This is already a significant season for respiratory illness

Previous pandemic isolation leads to a rise in sick kids, hospitalizations nationwide

Mom puts her hand on her young child's forehead to check for fever while the child is sick in bed.

Medical experts are already calling this a bad year for respiratory viruses, and they anticipate more illness into the winter months.

Hospitals are seeing an influx of young patients hospitalized with respiratory illnesses including RSV (respiratory syncytial virus) and influenza, according to Sanford Health Chief Physician Jeremy Cauwels, M.D.

RSV is most dangerous in children under 18 months of age and can range from cold symptoms to more serious inflammation in the lungs.

Stephanie Hanson, M.D., who specializes in pediatrics, is seeing more severe cases on the rise at Sanford in Fargo, North Dakota.

“Anytime we see high rates of community transmission of respiratory illness, we worry about our patients,” Dr. Hanson told Sanford Health News. “This particular virus is known to cause difficulty breathing in infants and toddlers, dehydration, prolonged illness and can result in hospitalization.”

More: Is it a cold or RSV? Know when to call your child’s doctor

Why we’re seeing more illness this year

We learned a lot about infection prevention during the pandemic.

Dr. Hanson said to prevent the spread of a new virus, our social distancing measures, masking and isolation while sick, kept away other illnesses as well.

“Now that many of us aren’t practicing all of those measures in our day-to-day life, it opens the door for more infection to spread,” Dr. Hanson added. “Many of us think that’s why we’re seeing an increase in cases this winter.”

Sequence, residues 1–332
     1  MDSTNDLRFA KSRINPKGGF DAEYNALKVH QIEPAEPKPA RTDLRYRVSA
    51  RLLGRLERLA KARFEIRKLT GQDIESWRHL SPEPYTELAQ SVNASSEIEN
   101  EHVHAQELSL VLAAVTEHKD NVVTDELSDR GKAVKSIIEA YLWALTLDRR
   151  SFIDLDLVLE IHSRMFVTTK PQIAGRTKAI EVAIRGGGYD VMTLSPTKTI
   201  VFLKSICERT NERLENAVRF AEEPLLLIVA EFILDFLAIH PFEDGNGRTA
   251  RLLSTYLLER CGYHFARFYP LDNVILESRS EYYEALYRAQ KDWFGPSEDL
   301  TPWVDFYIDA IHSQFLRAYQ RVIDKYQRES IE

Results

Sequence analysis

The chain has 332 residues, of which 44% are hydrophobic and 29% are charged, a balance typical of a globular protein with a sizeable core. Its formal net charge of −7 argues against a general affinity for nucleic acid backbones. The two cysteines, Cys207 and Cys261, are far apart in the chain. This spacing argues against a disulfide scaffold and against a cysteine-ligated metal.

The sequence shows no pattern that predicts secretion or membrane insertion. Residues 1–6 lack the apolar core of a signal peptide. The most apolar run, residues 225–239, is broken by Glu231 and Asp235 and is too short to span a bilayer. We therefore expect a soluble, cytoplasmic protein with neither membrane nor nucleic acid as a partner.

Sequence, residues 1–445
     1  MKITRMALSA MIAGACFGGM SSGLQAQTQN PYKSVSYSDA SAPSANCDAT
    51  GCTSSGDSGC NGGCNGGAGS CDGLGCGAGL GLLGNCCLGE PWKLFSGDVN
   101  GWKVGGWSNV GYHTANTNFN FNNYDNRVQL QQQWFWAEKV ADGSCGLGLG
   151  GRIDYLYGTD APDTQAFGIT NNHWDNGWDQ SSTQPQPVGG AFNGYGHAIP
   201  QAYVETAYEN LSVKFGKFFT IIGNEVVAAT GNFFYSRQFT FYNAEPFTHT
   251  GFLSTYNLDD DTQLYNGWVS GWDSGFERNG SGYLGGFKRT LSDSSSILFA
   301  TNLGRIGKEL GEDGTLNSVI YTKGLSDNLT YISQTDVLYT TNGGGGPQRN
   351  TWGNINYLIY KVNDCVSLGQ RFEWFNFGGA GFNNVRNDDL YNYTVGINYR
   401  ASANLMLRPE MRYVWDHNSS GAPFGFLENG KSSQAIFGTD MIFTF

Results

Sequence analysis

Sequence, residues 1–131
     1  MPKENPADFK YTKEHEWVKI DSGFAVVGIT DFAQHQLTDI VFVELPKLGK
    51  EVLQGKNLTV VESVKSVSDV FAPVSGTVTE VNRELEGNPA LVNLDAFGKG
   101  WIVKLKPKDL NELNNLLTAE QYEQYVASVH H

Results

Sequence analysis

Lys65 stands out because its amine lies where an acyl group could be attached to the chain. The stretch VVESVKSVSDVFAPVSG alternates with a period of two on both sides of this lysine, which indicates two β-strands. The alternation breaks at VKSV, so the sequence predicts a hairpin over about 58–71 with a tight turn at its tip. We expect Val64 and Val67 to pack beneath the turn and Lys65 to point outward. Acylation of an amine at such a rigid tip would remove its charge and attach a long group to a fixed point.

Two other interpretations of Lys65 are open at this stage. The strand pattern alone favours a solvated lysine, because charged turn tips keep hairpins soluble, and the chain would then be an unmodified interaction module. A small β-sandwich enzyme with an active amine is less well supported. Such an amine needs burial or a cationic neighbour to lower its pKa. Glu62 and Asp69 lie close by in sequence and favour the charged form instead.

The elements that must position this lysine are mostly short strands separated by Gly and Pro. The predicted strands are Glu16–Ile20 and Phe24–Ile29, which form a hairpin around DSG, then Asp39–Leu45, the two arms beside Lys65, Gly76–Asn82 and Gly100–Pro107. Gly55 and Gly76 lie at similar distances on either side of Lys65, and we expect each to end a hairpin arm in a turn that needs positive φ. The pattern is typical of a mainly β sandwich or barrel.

They advise, our best defense against respiratory illness includes the following for any age group:

  • Vaccination for COVID-19 and influenza
  • Good hygiene like handwashing
  • Proper nutrition
  • Adequate sleep

Vaccines effective for kids and adults

Vaccines can help prevent or lessen the severity of illnesses like flu and COVID-19.

“These vaccinations are highly encouraged by pediatricians,” Dr. Hanson added. “They are safe and effective at either preventing illness or serious complications.”

Dr. Cauwels said the vaccine is just as important for adults, specifically older or high-risk populations.

We recommend the flu vaccine in all of our older patients, especially if you happen to live in a place like a long-term care facility with many older people around,” he said. “We’ve seen in years past that influenza can travel around that group of people very quickly.”

“Doing everything that you can to protect yourself from getting the disease and landing in the hospital is absolutely key.”

Additionally, pregnant women are encouraged to get the flu and COVID-19 vaccines to pass the protection to their growing baby.

“I think the flu vaccine, especially in pregnancy is one of those times where you don’t want to put your body through additional stress,” Dr. Cauwels explained. “Being pregnant is stressful enough and so making sure you’re immunized to prevent any illness while you’re pregnant is a very important tool so baby has the least eventful, healthiest pregnancy they possibly can.”

When to seek care

Many kids can recover at home from mild illness. But how do you know whether it’s mild or severe? Contact a health care provider if your child has any of the following:

  • Prolonged fever
  • Difficulty taking fluids
  • Decreased urine output
  • Labored or fast breathing

If you have questions or concerns about the vaccines or respiratory illness, contact your primary care provider.

Information in this story was accurate when it was posted. As the COVID-19 pandemic changes, scientific understanding and guidelines may have changed since the original publication date.

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Posted In Children's, Coronavirus, Family Medicine, Fargo, Flu, Immunizations, Pregnancy